Miliband's education plan for "the forgotten 50 per cent"

Labour leader promises new vocational qualification and implicitly contrasts his schooling with Cameron's.

Education is one subject we've heard little from Ed Miliband on since he became Labour leader, with his party allowing Michael Gove to define the terms of debate. But that will change today as Miliband uses his conference speech to outline his plan to meet the needs of those he calls "the forgotten 50 per cent". The Labour leader will pledge to introduce a new vocational qualification - the Technical Baccalaureate - for those 14-18 year olds who do not intend to go to university, contrasting this with the Tories' focus on a "narrow elite". As a condition of the "Tech Bacc", all young people will be required to study English and Maths until 18. Miliband will say:

For years and years, our party has focused on those young people who go to university. And that matters. But it’s time now to focus on those who don’t go to university. The young people who are too often the forgotten 50 per cent. We cannot succeed if we can have an education system which only works for half the country.

In the 21st century everyone should be doing some form of education up to 18, not 16. That gives us the chance and the obligation to develop a new system from 14 to 18, in particular, for vocational qualifications. I want a curriculum that is rigorous and relevant with English and Maths up to 18, not 16, culminating in a new technical baccalaureate at 18 based on gold standard qualifications.

I want ours to be a country where kids aspire not just to go to Oxford and Cambridge but to excellent technical colleges and elite vocational institutions. We need to do what we haven’t done in decades: build a culture in our country where vocational qualifications are not seen as second class certificates but for what they can be - a real route on and up to quality apprenticeships and jobs.

In addition, he will vow to build a new system of apprenticeships for young people to go into after they are awarded the Tech Bacc at 18. This will involve giving businesses control of the £1bn budget of the Skills Agency, introducing a new "Fast Track" for apprentices, similar to that already in place for graduate civil servants, and making it a requirement for all large firms with government contracts to provide apprenticeships. The plan is an impressive riposte to those who have criticised the lack of policy detail from Labour and who have despaired at the party's failure to offer a rival vision to Gove's. Of the Education Secretary, he will say:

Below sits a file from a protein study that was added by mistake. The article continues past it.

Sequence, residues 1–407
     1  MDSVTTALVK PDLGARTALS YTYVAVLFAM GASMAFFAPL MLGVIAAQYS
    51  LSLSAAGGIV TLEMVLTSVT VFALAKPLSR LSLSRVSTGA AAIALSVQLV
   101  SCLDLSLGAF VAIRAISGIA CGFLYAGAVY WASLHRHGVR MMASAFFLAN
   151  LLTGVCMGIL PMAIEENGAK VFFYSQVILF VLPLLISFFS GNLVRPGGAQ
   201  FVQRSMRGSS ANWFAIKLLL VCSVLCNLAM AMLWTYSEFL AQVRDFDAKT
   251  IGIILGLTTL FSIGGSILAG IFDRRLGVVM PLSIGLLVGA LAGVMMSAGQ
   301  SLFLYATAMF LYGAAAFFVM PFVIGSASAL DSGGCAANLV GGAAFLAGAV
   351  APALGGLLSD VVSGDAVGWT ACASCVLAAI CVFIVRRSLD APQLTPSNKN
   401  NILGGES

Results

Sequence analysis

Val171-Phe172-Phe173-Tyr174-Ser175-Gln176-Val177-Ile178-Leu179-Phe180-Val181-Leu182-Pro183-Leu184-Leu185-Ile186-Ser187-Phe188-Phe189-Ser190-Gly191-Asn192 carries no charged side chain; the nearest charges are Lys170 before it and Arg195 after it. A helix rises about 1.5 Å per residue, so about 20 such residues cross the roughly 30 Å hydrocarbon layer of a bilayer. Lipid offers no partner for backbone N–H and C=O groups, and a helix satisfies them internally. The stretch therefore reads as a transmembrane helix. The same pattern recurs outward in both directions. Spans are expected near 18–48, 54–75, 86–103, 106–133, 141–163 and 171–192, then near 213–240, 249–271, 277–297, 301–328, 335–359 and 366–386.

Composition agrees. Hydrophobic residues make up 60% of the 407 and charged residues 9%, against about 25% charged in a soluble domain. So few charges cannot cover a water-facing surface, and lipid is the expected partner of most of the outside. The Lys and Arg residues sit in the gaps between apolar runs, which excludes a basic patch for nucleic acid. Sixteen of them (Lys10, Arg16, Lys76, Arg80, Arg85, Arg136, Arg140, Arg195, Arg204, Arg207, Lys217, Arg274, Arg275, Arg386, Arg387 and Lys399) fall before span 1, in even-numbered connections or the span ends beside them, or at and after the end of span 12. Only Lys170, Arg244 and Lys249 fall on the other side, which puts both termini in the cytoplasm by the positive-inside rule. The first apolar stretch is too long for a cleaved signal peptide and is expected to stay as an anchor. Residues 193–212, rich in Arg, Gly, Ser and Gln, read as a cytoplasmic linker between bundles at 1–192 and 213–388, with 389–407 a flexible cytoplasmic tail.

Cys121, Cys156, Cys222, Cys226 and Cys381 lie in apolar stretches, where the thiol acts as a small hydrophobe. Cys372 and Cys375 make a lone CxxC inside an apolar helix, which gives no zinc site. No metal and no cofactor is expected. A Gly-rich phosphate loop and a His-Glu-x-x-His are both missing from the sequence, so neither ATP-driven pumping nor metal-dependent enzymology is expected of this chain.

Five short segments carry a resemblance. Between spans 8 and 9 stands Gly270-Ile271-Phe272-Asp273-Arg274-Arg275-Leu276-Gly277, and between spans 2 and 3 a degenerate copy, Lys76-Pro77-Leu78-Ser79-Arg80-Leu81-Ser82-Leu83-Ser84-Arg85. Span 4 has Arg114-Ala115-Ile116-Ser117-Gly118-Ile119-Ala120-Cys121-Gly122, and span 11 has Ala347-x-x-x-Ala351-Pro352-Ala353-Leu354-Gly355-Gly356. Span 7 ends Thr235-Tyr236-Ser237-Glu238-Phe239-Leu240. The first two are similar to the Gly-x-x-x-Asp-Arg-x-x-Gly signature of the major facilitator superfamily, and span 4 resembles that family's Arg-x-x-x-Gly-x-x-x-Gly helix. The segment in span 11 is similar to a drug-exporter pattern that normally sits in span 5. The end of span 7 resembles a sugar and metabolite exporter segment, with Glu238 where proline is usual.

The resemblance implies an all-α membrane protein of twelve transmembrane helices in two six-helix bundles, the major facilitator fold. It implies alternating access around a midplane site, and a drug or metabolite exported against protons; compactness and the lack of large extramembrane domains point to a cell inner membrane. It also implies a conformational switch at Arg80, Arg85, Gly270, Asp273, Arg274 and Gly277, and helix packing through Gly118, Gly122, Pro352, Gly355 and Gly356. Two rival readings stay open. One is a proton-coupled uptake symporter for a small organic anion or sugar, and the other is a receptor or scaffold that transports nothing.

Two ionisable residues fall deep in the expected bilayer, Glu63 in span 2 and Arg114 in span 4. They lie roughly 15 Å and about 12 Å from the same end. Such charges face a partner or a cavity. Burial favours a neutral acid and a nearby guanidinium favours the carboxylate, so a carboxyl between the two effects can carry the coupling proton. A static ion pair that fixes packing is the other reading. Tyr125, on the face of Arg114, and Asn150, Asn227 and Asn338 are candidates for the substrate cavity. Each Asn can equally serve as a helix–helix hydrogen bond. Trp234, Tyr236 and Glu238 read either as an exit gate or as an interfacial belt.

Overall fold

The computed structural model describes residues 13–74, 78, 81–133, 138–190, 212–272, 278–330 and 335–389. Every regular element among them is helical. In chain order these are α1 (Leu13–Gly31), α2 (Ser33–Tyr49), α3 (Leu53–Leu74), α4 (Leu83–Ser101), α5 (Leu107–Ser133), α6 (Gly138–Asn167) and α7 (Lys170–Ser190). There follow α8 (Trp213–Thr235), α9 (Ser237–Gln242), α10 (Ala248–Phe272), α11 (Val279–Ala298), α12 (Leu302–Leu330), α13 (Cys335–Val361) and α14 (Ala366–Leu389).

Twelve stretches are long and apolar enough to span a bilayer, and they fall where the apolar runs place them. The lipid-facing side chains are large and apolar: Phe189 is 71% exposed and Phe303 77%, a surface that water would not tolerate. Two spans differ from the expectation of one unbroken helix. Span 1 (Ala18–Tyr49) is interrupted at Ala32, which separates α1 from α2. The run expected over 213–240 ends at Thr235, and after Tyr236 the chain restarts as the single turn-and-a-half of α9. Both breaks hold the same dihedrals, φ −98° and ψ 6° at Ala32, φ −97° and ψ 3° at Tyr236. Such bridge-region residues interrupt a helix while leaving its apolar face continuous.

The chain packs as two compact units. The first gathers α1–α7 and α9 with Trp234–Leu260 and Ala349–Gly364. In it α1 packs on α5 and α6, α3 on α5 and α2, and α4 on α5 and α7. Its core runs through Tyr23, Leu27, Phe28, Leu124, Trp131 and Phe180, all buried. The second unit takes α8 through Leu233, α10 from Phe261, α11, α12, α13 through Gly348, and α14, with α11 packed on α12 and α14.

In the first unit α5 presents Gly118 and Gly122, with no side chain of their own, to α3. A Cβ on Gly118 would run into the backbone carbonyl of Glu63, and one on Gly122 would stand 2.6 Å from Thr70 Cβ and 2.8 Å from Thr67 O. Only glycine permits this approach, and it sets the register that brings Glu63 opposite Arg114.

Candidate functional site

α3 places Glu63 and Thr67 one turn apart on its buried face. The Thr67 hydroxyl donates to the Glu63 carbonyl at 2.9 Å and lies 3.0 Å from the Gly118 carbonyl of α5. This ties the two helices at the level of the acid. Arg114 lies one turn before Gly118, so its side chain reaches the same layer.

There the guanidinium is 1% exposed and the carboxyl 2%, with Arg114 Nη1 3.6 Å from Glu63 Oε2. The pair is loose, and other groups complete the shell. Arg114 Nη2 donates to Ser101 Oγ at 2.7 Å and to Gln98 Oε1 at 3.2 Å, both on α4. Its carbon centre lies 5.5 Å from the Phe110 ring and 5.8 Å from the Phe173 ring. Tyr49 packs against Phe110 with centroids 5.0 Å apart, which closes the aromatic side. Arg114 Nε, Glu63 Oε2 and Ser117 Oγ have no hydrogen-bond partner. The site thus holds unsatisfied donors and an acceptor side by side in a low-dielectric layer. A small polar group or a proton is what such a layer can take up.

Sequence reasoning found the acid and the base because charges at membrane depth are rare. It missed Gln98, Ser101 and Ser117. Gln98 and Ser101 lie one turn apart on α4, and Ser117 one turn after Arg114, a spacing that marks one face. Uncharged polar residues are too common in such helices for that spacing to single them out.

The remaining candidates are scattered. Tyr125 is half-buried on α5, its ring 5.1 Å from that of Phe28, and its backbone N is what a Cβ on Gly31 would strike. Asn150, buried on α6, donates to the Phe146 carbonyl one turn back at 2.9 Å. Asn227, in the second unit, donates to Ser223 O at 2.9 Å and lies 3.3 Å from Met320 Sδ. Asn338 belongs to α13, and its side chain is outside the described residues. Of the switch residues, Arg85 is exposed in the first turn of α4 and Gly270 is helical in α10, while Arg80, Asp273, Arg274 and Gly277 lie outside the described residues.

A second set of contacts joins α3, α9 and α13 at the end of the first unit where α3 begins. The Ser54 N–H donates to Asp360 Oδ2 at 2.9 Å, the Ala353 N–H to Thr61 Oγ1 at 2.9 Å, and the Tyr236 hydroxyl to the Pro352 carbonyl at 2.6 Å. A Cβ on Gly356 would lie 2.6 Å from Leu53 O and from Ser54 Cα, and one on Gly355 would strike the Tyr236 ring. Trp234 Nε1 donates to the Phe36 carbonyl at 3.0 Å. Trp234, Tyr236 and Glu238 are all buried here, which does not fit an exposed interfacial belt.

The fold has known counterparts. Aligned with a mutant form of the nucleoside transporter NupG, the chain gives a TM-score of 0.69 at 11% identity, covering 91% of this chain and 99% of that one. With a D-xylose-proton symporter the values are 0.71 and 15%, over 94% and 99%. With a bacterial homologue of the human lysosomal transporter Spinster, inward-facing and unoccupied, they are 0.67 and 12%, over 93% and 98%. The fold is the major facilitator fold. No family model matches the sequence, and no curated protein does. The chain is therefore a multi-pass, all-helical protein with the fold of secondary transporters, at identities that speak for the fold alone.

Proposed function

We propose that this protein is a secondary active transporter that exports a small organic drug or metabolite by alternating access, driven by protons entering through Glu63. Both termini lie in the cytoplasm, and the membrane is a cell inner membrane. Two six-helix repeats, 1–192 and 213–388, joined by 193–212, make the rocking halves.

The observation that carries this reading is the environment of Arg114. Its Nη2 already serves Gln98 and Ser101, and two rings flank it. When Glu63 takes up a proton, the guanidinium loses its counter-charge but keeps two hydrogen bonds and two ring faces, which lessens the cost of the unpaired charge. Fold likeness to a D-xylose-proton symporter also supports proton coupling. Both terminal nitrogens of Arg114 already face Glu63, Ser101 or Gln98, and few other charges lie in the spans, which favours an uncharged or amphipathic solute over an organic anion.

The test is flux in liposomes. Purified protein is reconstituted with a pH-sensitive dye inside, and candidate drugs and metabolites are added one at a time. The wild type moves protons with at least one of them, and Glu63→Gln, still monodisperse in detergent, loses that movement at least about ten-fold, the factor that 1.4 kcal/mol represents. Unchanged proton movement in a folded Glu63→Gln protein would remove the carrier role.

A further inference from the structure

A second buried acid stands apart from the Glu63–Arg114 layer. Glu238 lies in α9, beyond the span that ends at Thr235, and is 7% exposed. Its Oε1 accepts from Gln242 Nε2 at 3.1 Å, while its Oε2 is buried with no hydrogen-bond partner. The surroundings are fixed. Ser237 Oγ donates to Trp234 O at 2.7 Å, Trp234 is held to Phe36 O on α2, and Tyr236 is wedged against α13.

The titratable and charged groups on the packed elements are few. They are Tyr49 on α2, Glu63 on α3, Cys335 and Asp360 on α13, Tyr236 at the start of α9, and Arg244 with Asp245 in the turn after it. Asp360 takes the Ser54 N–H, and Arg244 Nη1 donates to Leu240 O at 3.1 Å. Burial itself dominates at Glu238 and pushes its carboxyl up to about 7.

He has got contempt for vocational qualifications.  He even got rid of those like the engineering diploma that had the support of business. And he has nothing to say about education beyond 16.  He is stuck in the past, offering no vision for the 21st century.

There is a choice of two futures for education. The Tory plan for an education system designed for a narrower and narrower elite. Or our plan.

More contentiously, Miliband will also implicitly contrast his comprehensive school background with David Cameron's Eton education. Referring to his schooling at Haverstock in north London, he will say:

I went to my local school with people from all backgrounds. I still remember the motivation, the inspiration from some amazing teaching. It was a tough school, but one with order, because of the scariest headmistress you can imagine, Mrs Jenkins. My school taught us a lot more than just how to pass exams: it taught people how to get on with each other, whoever they are and wherever they were from. I will always be grateful, because I know I would not be standing here today as leader of the Labour Party without my comprehensive school education.

In response, we can expect the right to accuse Miliband of adopting a "class war" strategy, while others will observe that his intellectual upbringing, followed by spells at Oxford, Harvard, the Treasury and in the cabinet, was hardly typical of the ordinary voter. But with one poll recently showing that a significant number of voters believed he was educated at Eton, Miliband's desire to highlight his more conventional schooling is understandable. The Tories' political ineptness, from the abolition of the 50p tax rate to Andrew Mitchell's haughty disregard for the police, also means that such a strategy is no longer as risky as it once was. Indeed, it feels entirely appropriate.

Labour Party leader Ed Miliband speaks at his party's annual conference in Manchester. Photograph: Getty Images.

George Eaton is political editor of the New Statesman.

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Why the Liberal Democrats by-election surge is not all it seems